Skip to content Skip to sidebar Skip to footer

Intellectual Property Litigation

Intellectual property disputes can be difficult to navigate in an increasingly digital world. This type of litigation is one of the most complex for individuals and businesses because the laws are not always as clear in the “wild west” legal landscape of intellectual property in the Information Age.


Litigation frequently arises over copyright piracy, trademark counterfeiting, patent infringement, and other intellectual property disputes, especially in the modern context of the internet and global markets. The legal remedies available for protecting your work depends on the type of intellectual property.


Copyright protection can apply to works of authorship that include:

  • Literary, musical, artistic, and dramatic works
  • Pictorial, graphic, and sculptural works
  • Motion pictures and other audiovisual works
  • Sound recordings
  • Computer software
  • Architectural works

Works that cannot be copyrighted include ideas, facts, methods, systems, short phrases, names, titles, and utilitarian language. Copyright law extends only to original works of authorship that are fixed in a physical medium (such as paper, canvas, disk, or computer drive).

Copyrights generally last for the life of the author, plus an additional 70 years.


Under U.S. patent law, anyone who “invents or discovers any new and useful process, machine, manufacture, or composition of matter, or any new and useful improvement thereof” may obtain a patent.

To qualify for a patent, an invention must be:

  • Novel (different from other inventions in the public domain)
  • Useful (accomplishes something or produces a result)
  • Not obvious (from the point of view of an inventor)

Patents are granted for 15 or 20 years. A provisional patent application (“patent pending”) establishes an early filing date and gives the inventor one year to apply for a nonprovisional patent.


Trademarks identify and distinguish one party’s product or service from another party’s. They may apply to:

  • Names (including Internet domain names)
  • Images, symbols, colors, and logos
  • Slogans and phrases
  • Product design and product packaging

Competing trademarks are allowed to be similar. The legal test for trademark infringement is likelihood of confusion between two different brands that are commercially related.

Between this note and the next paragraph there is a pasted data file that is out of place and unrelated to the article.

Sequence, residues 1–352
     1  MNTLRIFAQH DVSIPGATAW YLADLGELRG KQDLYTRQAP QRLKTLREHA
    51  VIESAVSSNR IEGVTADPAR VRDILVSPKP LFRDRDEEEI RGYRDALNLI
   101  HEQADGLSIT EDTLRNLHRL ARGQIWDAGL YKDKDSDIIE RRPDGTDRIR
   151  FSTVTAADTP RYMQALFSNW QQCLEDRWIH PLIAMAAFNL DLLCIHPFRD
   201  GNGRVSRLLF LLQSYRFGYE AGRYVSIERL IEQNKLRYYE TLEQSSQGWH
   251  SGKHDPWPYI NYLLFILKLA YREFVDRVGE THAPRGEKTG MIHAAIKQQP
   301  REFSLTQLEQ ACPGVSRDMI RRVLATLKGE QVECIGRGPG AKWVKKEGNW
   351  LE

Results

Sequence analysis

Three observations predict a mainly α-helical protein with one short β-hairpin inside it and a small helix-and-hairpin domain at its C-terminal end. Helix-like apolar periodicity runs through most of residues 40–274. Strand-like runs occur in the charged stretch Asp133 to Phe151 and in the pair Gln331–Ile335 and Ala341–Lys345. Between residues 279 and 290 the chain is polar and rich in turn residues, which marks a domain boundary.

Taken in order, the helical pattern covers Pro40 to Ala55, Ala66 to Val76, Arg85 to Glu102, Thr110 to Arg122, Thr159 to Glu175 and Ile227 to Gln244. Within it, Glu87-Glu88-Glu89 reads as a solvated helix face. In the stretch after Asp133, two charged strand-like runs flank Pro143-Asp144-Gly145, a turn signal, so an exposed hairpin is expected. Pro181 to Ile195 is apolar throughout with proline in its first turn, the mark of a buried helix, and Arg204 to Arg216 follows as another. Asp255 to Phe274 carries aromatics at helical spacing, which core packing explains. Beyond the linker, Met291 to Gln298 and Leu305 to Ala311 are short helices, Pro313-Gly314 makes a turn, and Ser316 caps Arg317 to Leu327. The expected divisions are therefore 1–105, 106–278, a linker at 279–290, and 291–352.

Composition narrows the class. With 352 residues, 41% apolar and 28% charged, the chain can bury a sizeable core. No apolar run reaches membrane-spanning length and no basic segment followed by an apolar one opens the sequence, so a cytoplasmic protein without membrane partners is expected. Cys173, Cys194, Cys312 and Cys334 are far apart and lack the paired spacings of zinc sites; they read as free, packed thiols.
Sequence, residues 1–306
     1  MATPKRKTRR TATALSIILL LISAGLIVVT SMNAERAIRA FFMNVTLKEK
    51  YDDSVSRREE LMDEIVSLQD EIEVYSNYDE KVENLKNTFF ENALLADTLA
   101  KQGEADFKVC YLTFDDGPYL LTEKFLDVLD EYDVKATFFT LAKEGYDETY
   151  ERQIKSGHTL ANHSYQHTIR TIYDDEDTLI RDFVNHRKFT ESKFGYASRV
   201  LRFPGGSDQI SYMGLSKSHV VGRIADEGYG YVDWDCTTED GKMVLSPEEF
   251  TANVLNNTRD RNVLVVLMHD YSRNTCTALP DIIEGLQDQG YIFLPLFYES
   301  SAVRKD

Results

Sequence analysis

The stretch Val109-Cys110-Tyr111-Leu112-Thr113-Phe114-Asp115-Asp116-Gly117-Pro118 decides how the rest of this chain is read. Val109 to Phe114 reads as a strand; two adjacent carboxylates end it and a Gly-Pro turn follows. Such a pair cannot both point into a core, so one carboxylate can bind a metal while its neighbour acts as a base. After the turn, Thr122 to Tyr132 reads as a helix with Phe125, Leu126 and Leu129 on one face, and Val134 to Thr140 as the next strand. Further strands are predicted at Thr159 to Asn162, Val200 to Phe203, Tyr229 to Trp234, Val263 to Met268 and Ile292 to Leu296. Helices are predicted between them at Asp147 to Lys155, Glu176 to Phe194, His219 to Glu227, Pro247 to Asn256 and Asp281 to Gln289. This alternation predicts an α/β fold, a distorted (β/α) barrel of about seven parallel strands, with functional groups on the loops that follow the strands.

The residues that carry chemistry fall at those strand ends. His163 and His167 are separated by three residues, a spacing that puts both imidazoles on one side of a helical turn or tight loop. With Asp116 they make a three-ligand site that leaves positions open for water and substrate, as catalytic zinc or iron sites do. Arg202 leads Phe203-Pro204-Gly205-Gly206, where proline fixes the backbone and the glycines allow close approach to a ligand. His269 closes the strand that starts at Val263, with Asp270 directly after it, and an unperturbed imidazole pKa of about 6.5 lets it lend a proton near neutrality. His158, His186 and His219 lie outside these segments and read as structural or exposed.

Trademarks are issued in ten year terms but can generally be renewed indefinitely, as long as the mark requires ongoing protection.


Information that you would prefer to keep in-house because it confers a competitive advantage is known as a trade secret.

Trade secrets lack the formal protection of government registration but may be preferable to a patent or a copyright for some forms of intellectual property, such as:

  • Customer lists
  • Product formulas
  • Computer algorithms
  • Marketing strategies
  • Manufacturing techniques

Trade secrets last indefinitely—provided they are kept secret. Once a trade secret is publically disclosed, it is typically no longer protected.


Cyber-privacy, or Internet privacy, has to do with how personal data is stored, distributed and—in many cases—sold.

It is now standard for companies like Facebook to offer free social media services in exchange for users’ personal data. Although common, any company that does collect user data must have terms of agreement stipulating how, when, and to what end personal data will be offered to third parties.

While some websites display language reassuring visitors that any data collected is confidential, others inform visitors that the data collected will be shared in order to improve the service.

In many cases, websites allow users to select their data sharing preferences. Transparency is imperative regardless of a website’s data collection policies.

But as we all know by now, once personal data enters the digital space, it is technically possible for anyone to access it—legally or not. This is where cyber-privacy litigation comes into play.

What, if any, responsibility do businesses have in protecting their users against data breaches? Current legal precedents suggest that a considerable level of responsibility is expected, particularly when the business has promised a certain level of security to its customers.

Data breaches can put users at risk for identity theft, harassment, and financial loss, among many other concerns. Even when a third party does not breach the data of a website, the website’s owners still have a responsibility to collect and store data responsibility.


A relatively new type of litigation has arisen with the advent of social media and the increase in the pervasiveness of celebrity culture: misappropriation of likeness.

Misappropriation of likeness is based on the idea that individuals have certain legal rights to their own personal brand, although they may not specifically have copyrights or trademarks connected with it. This is an increasingly common issue for public figures who have created a recognizably distinct personal brand and rely on its protection to preserve their livelihood.

An example of a misappropriation of likeness dispute would be the use of a celebrity’s photo to sell a product that is not authorized by or connected with that celebrity. The issue of contention would be that someone else is, without permission, profiting off of a celebrity’s likeness.

The laws around these types of cases are still evolving, but it is possible for public figures to recover owed compensation for the unauthorized use of their likeness.

Free Consultation with Intellectual Property Litigation Lawyer

If you are here, you probably have a trademark issue you need help with, call Ascent Law for your free intellectual property law consultation (801) 676-5506. We want to help you.

Michael R. Anderson, JD

Ascent Law LLC
8833 S. Redwood Road, Suite C
West Jordan, Utah
84088 United States
Telephone: (801) 676-5506